Use of Preposition in Sentences

A preposition is a word that connects nouns, pronouns, or phrases in a sentence to other words. They serve to link persons, objects, time, and places in a sentence. Some gerund verbs have prepositions attached to them. Let’s learn about the use of preposition in sentences:

What is Preposition?

Examples of Prepositions

Some examples of use of preposition in sentences. Consider how substituting various prepositions or even different types of prepositions for the examples might alter the relationship between the rest of the words in the phrase as you read.

  • I prefer to read in the library.
  • He climbed up the ladder to get onto the roof.
  • Please sign your name on the dotted line after you read the contract.
  • Go down the stairs and through the door.
  • He swam across the pool.
  • Take your brother with you.

Types of Prepositions

There are three types of prepositions: time prepositions, place prepositions, and direction prepositions.
Before, after, while, and till are examples of time prepositions.
Prepositions showing position, such as around, between, and against, and prepositions indicating direction, such as across, up, and down, are two types of prepositions. Each preposition has its significance.

1. Prepositions of Time

At, on, in, before, and after are all examples of time prepositions. They are used to show when something occurred, is occurring, or will occur. However, because there are so many distinct prepositions, so it can be a bit perplexing.
The instances of use of preposition of time in the following sentences are bolded for easy identification.

For instance:

  • I was born on July 4th, 1982.
  • Ravi was born in 1982.
  • I was born at exactly 2 am.
  • He was born two minutes before his twin brother.
  • She was born after the Great War ended.

For years, months, seasons, centuries and times of day, use the preposition in :

  • I first met John in 1987.
  • It’s always cold in January
  • Easter falls in spring each year.
  • The Second World War occurred in the 20th century.
  • We eat breakfast in the morning.

For days, dates and specific holiday days, use the preposition on :

  • We go to school on Mondays, but not on Sunday
  • Christmas is on December 25th.
  • Buy me a present on my birthday

For times, indicators of exception and festivals, use the preposition at :

  • Families often argue at Christmas time.
  • I work faster at night.
  • Her shift finished at 7pm.

2. Prepositions of Place

The most frequent prepositions used to express time – on, at, and in – are also used to denote position. However, because location prepositions are a more definite idea than time prepositions, the rules are a little clearer.

The instances of the use of preposition of location in the following sentences are highlighted for easy identification Mentorplus.

  • The cat is on the table.
  • The dogs are in the kennel.
  • We can meet at the crossroads.

On is used when referring to something with a surface:

  • The sculpture hangs on the wall.
  • The images are on the page.
  • The specials are on the menu, which is on the table.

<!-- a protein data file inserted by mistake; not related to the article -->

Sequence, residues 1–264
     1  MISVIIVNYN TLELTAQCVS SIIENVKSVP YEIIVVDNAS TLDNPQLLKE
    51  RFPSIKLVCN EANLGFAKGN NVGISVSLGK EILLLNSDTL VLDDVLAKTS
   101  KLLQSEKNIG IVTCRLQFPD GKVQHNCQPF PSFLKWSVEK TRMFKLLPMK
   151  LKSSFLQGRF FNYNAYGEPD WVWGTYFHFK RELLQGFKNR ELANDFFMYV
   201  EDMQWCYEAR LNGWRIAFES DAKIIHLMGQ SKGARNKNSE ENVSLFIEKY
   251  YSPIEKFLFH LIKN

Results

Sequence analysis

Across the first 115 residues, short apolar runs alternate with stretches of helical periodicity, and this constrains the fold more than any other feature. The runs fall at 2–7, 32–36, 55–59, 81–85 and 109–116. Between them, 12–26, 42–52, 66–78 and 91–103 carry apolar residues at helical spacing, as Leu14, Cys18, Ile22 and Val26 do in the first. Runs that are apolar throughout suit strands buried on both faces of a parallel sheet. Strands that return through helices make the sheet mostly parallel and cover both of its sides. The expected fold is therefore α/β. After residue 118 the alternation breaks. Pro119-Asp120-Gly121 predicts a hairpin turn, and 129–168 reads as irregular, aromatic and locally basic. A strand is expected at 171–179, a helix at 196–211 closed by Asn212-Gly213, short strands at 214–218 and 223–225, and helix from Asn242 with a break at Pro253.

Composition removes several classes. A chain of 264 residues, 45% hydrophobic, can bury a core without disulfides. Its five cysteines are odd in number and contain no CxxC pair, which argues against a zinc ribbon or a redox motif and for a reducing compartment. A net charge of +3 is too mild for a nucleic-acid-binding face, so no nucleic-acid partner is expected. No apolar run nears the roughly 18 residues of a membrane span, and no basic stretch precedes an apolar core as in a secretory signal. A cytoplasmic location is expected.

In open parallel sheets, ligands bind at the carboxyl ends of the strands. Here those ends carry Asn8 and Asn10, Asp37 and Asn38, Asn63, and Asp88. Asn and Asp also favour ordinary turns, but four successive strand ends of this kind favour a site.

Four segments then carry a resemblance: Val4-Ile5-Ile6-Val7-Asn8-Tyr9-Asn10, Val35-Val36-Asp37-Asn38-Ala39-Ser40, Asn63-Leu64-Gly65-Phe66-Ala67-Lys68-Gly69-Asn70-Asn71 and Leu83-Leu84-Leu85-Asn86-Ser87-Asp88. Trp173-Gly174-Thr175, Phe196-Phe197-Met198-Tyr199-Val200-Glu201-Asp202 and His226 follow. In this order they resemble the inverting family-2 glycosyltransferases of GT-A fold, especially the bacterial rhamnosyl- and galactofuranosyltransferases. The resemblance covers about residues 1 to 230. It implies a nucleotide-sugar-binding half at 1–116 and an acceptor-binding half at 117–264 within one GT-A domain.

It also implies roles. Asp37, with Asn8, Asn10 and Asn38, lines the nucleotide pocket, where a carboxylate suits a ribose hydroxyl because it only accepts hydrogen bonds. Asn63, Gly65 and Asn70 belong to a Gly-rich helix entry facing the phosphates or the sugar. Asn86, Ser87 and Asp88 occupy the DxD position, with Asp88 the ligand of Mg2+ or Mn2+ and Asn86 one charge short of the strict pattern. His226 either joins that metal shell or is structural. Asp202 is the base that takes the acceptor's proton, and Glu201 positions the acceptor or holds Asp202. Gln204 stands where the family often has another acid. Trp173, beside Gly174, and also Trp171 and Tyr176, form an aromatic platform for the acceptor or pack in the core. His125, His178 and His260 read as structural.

In is used when referring to something that is inside or within confined boundaries:

  • Jim is in France, visiting his aunt in the hospital.
  • The whiskey is in the jar in the fridge.
  • The girls play in the garden.

At is used when referring to something at a specific point:

  • The boys are at the entrance at the movie theater.
  • He stood at the bus stop at the corner of Water and High streets.
  • We will meet at the airport.

3. Prepositions of Movement

Prepositions of movement are easier to grasp than prepositions of location and time because they are less abstract. They essentially depict the movement of something or someone from one location to another. The most common preposition of movement is to, which generally indicates that something is moving toward a specified destination.

The instances of prepositions of movement in the following phrases are highlighted for easy identification.

  • He has gone on vacation to France.
  • She went to the bowling alley every Friday last summer.
  • I will go to bed when I am tired.
  • They will go to the zoo if they finish their errands.

Other more specific prepositions of movement include: through, across, off, down and into:

Across refers to moving from one side to another:

  • Mike travelled across America on his motorcycle.
  • Rebecca and Judi are swimming across the lake.

Through refers to moving directly inside something and out the other end:

  • The bullet Ben shot went through the window.
  • The train passes through the tunnel.

Into refers to entering or looking inside something:

  • James went into the room.
  • They stare into the darkness.

Up, over, down, past and around indicate directions of movement:

  • Jack went up the hill.
  • Jill came tumbling down after.
  • We will travel over rough terrain on our way to Grandma’s house.
  • The horse runs around the track all morning.
  • A car zoomed past a truck on the highway


So in our blog, we have covered all about prepositions, their types, and their examples. I Hope Mentorplus will help you out in understanding all the concepts about prepositions.